Across California, high unemployment and crashed economic activity are starting to pressure households as tens of millions of people have been forced by the government to "shelter in place" amid the COVID-19 outbreak.
A frightening new reality is starting to develop, one where households are becoming fractured because of the stress related to the virus outbreak. Many are experiencing job loss, limited savings, insurmountable debts, and or alcohol or drug abuse problems to cope with the financial pain as the economy dives into a depression in the second quarter. As a result of this unbearable stress, domestic abuse calls have skyrocketed in Sacramento, California, reported CBS13 Sacramento.
"Right now as we speak, one in five women are being assaulted, right here in Sacramento County," said Donna Brown, an employee at A Community Peace organization that helps victims of domestic violence. "It puts most of the abusers in the home with the family more frequently than usual."
Brown said she had seen a massive influx in the number of domestic violence calls in the last several weeks.
"Abusers that are maybe not going to work or the victims aren't going to work and the children are home, or there's a loss of income so it's just a pressure cooking the environment that they're in," said Incoming Executive Director Laura Clegg.
CBS13 called several county and state resources that would typically help victims, and some were operating on limited schedules and or others were entirely closed. Since the shutdowns began, the Victims of Crime Resource Center in Sacramento recorded a 40% jump in domestic violence calls across the county.
Cracking households suggest that the onset of social unrest is on the horizon. This is a huge concern for the Trump administration, who is attempting to dish out hundreds of billions of dollars in universal basic income in the next several weeks to prevent protests and riots.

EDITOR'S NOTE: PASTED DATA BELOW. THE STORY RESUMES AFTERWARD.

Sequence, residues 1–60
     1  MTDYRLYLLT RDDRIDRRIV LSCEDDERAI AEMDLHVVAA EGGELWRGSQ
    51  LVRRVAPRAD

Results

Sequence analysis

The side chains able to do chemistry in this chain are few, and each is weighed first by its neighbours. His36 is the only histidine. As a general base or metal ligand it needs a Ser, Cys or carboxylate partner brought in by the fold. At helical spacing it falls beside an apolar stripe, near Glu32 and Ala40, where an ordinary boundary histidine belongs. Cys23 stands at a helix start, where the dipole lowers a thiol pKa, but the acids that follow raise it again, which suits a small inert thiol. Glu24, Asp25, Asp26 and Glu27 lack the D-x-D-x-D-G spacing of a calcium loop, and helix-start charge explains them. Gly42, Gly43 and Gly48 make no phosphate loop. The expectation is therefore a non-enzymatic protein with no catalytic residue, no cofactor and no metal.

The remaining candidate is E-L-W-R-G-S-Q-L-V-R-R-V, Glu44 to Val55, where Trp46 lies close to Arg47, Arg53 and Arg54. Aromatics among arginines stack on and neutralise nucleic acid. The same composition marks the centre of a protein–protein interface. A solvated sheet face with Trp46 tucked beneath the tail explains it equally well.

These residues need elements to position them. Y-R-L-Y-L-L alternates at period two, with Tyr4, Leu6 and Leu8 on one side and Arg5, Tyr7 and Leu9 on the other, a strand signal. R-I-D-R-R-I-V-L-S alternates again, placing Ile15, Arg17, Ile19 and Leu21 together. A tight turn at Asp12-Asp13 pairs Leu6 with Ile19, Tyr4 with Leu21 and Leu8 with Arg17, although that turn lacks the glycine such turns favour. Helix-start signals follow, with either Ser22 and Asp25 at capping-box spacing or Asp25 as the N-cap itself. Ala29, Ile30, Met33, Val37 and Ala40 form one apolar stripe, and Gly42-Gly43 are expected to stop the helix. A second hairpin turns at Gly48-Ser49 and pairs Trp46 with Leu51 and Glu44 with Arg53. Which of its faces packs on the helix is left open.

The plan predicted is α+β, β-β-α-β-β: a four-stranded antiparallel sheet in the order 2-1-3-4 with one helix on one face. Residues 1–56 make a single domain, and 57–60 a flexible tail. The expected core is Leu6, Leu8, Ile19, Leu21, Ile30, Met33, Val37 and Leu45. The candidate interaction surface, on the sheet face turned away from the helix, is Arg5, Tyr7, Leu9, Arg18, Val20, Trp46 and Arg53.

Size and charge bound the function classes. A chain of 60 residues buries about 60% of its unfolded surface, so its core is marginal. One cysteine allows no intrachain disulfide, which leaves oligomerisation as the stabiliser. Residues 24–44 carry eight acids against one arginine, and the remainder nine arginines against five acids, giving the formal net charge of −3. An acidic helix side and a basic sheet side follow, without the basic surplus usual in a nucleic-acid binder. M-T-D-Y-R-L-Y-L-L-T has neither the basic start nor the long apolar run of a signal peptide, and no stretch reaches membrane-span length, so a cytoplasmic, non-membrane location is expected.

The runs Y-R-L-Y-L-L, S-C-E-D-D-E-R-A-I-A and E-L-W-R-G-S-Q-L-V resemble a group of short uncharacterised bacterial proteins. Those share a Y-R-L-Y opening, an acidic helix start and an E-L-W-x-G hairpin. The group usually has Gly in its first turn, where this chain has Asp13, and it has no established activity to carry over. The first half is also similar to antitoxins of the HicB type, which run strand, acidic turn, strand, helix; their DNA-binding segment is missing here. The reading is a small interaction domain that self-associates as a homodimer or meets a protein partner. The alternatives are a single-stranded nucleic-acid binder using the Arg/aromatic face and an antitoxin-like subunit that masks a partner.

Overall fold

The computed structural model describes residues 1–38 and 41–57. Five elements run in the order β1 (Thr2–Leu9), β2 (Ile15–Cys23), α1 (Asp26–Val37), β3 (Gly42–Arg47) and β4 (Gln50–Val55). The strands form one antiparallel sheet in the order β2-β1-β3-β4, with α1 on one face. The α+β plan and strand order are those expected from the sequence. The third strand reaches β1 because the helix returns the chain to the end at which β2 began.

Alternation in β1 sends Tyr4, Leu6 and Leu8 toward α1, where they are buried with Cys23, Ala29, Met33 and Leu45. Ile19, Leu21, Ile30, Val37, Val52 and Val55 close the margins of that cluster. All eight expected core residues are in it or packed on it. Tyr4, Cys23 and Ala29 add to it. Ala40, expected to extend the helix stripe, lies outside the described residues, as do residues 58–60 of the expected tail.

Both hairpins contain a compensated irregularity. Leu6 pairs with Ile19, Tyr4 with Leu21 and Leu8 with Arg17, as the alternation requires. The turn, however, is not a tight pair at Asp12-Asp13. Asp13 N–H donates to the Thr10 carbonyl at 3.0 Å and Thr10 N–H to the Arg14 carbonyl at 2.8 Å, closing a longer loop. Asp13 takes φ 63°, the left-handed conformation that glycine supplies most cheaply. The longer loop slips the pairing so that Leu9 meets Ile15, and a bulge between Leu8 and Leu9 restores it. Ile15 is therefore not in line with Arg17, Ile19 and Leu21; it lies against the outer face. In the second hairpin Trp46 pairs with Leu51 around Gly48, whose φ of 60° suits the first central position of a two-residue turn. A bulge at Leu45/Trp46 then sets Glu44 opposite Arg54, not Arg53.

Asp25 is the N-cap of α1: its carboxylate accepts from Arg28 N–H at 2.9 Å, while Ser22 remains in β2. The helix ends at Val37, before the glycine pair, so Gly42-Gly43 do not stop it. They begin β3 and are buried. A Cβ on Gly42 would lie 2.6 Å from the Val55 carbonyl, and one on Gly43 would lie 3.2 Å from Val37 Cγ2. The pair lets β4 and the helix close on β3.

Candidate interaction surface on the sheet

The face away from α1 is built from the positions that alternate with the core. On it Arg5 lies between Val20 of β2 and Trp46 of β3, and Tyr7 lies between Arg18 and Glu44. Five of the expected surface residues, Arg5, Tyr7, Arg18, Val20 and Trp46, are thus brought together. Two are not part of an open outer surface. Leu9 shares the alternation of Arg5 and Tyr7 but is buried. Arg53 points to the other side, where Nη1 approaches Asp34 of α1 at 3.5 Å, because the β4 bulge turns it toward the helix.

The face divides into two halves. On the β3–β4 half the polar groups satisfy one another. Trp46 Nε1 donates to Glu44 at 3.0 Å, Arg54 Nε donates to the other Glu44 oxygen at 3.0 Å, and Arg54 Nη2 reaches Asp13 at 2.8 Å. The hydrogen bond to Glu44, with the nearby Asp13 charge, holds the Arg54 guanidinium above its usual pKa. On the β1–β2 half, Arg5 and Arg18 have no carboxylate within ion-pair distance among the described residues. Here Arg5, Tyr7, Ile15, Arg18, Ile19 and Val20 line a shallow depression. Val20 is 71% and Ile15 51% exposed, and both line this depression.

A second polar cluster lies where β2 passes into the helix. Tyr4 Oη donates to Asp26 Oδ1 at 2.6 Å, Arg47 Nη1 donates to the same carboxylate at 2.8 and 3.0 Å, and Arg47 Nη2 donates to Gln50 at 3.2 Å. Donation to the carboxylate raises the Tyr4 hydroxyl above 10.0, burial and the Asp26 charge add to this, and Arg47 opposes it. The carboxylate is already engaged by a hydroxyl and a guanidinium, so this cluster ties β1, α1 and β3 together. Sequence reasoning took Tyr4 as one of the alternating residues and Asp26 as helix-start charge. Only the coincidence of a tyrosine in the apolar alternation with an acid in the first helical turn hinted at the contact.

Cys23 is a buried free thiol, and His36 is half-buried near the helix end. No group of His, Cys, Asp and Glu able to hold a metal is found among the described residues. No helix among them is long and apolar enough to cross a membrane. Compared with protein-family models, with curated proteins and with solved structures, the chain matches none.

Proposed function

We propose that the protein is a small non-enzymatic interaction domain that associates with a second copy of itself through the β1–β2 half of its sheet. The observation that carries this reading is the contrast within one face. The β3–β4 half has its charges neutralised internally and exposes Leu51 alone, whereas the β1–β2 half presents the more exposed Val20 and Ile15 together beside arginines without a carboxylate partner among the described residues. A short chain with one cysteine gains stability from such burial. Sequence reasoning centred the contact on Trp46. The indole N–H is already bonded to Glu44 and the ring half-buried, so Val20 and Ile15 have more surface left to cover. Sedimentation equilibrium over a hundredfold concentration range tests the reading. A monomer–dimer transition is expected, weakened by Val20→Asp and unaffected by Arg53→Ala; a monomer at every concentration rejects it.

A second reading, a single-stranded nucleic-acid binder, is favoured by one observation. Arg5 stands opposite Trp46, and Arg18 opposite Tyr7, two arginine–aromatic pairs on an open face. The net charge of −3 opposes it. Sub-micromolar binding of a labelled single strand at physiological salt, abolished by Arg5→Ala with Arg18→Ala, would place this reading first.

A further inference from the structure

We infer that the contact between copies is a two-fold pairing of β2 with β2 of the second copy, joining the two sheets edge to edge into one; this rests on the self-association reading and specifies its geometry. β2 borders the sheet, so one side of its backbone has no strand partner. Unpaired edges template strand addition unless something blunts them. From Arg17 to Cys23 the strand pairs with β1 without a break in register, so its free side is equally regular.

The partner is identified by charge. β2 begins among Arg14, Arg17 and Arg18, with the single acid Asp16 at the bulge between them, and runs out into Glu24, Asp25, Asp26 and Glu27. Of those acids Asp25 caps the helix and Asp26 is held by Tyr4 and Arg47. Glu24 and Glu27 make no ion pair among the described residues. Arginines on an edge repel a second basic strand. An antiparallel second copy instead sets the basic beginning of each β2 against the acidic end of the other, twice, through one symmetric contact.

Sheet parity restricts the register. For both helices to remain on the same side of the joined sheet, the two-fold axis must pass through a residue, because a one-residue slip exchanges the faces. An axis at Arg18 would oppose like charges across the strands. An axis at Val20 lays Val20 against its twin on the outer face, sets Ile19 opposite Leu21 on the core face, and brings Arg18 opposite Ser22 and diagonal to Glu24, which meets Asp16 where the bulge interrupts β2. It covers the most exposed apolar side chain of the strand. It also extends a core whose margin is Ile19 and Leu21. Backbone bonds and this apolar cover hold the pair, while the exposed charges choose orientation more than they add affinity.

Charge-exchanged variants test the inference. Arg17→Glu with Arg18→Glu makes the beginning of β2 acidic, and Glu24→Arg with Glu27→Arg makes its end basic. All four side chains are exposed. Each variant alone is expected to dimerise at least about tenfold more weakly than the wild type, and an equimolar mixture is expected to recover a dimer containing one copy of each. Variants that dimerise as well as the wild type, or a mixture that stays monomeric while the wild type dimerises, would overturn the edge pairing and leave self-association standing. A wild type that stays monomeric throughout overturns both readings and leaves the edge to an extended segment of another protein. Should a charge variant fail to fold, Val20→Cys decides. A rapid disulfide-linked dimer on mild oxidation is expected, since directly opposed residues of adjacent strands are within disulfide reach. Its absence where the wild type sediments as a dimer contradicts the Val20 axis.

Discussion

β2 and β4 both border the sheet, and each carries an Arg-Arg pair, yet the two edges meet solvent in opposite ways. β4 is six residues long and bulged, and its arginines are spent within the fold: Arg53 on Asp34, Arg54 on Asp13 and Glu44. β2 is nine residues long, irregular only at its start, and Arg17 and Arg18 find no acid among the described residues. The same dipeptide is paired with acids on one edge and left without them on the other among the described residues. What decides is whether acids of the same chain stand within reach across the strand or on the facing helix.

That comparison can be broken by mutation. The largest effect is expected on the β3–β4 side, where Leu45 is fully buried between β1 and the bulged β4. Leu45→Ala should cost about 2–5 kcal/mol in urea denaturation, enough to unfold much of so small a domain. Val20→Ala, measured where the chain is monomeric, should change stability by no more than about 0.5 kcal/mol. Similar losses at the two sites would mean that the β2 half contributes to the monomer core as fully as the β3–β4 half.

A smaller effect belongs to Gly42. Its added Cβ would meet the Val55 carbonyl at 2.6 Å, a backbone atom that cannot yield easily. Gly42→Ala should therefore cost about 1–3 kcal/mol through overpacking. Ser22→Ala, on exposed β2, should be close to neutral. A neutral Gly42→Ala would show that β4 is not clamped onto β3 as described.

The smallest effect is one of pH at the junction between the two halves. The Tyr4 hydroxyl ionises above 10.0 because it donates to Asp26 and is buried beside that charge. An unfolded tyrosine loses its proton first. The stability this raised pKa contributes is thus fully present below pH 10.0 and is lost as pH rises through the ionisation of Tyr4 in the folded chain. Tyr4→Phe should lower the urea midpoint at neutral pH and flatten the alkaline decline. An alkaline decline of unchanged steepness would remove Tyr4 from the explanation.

We noted last Friday that the Federation of Red Cross and Red Crescent Societies warned that social unrest could unfold across major Western cities in the weeks ahead.
Americans should be deeply disturbed about the near-total meltdown of normal life – the unraveling's of the economy and social fabric could quickly result in protests. Stress starts at work, then transmits into the household, with millions out of work, households breaking down, it is becoming increasingly clear that a perfect storm of social destabilization is nearing.
Down the coast in Los Angeles, more specifically in Beverly Hills, high-end stores have boarded up their windows and doors in anticipation of civil unrest.
In Beverly Hills, the Pottery Barn and West Elm stores near Rodeo Drive were spotted with boards across the windows.
Meanwhile, stores in New York, San Francisco, Seattle, Chicago, Paris, Vancouver, and elsewhere were similarly boarded up.
The next chapter of the virus crisis could be social unrest. Maybe the US could take a page from Greenland and or even France, as local governments in those regions have banned alcohol sales to prevent social decay while in shutdowns.